Microsoft is releasing an emergency security patch to fix a remote code execution bug in its Malware Protection Engine. Microsoft’s Malware Protection Engine provides the scanning, detection, and cleaning capabilities for the company’s antivirus and anti-spyware software. The Redmond software giant writes that the vulnerability can be triggered when the Malware Protection Engine scans a downloaded file that has been specially crafted to check it for potential threats. Tracked as CVE-2017-11937, the flaw is believed to have been addressed before any misuses in the wild.
When Malware Engine needs protection from malware…
Microsoft said that attackers could place a specially crafted file in a location that is scanned by the Microsoft Malware Protection Engine to exploit a memory corruption bug enabling them to execute code remotely. “A remote code execution vulnerability exists when the Microsoft Malware Protection Engine does not properly scan a specially crafted file, leading to memory corruption,” Redmond explained (emphasis is ours).
“An attacker who successfully exploited this vulnerability could execute arbitrary code in the security context of the LocalSystem account and take control of the system. An attacker could then install programs; view, change, or delete data; or create new accounts with full user rights.”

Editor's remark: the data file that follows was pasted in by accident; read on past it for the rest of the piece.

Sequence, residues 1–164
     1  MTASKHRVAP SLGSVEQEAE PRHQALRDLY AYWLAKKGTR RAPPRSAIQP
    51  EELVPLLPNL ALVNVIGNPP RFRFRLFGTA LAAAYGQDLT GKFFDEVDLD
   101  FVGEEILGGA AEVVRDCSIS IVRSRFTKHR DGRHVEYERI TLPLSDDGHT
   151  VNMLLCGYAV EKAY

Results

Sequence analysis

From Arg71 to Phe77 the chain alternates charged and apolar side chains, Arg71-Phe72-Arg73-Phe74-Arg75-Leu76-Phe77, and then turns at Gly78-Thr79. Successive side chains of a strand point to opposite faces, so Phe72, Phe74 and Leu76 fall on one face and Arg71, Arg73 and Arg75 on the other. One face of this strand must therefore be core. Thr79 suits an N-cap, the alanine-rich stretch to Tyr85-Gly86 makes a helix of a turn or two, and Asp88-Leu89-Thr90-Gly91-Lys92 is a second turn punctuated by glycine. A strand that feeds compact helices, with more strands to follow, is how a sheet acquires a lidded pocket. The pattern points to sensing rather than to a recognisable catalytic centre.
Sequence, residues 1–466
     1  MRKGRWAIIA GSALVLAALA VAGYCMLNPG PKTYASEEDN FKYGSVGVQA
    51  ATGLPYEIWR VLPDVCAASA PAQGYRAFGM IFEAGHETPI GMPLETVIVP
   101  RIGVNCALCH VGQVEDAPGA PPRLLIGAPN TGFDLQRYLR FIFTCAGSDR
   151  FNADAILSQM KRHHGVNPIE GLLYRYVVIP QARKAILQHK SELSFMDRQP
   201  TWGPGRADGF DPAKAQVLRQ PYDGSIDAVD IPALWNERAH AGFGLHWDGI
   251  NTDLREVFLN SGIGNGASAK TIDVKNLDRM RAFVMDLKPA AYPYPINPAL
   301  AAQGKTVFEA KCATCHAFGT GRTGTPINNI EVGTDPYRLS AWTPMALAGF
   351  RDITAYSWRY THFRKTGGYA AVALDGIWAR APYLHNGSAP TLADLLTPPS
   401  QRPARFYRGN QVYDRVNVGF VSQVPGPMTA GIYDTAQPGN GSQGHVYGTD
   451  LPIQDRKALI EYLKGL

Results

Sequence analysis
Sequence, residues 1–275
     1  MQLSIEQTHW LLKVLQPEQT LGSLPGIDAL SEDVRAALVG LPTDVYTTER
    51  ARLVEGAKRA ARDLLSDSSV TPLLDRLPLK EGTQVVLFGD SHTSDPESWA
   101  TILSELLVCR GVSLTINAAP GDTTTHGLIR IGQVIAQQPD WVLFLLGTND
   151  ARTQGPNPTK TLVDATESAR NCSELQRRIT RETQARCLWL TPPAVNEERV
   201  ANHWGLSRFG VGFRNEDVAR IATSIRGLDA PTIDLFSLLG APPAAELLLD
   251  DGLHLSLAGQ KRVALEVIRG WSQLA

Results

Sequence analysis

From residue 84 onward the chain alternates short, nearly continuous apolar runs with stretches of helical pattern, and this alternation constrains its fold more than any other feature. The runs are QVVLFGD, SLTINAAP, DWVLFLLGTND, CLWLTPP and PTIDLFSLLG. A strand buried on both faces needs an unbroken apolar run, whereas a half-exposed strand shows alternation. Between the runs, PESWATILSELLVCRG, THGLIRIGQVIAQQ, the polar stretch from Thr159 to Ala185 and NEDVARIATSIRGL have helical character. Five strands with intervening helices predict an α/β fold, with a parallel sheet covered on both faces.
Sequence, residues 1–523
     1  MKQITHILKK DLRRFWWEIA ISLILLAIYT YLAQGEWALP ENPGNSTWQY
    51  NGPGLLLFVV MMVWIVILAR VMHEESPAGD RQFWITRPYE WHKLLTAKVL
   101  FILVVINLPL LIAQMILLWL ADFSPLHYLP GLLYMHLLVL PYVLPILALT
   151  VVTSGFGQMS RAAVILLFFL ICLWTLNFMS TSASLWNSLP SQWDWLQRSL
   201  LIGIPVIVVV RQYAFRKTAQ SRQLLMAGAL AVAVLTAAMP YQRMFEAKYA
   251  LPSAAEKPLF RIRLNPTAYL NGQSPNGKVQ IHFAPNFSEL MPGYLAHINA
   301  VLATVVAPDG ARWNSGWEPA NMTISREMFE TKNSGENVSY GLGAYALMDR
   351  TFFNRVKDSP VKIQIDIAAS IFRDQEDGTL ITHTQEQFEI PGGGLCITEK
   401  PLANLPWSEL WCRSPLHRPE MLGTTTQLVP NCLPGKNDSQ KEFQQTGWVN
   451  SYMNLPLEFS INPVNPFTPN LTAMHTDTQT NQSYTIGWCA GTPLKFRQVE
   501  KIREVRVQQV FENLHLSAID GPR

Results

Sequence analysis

The company added that if realtime scanning is not enabled, “the attacker would need to wait until a scheduled scan occurs in order for the vulnerability to be exploited.” The fix that has been released by the company addresses the vulnerability by correcting the way Microsoft Malware Protection Engine scans specially crafted files to avoid this exploit.
The security flaw affects Windows Defender in Windows 7, Windows 8.1, Windows 10, and Microsoft Security Essentials, Endpoint Protection, Forefront Endpoint Protection, and Exchange Server 2013 and 2016. More details about the affected products and the bug that has been rated as critical are available over at Microsoft. The company said that the patch should be installed automatically.
The post Something About Engines: Microsoft Issues an Emergency Patch to Fix Flaws in Its Malware Protection Engine by Rafia Shaikh appeared first on Wccftech.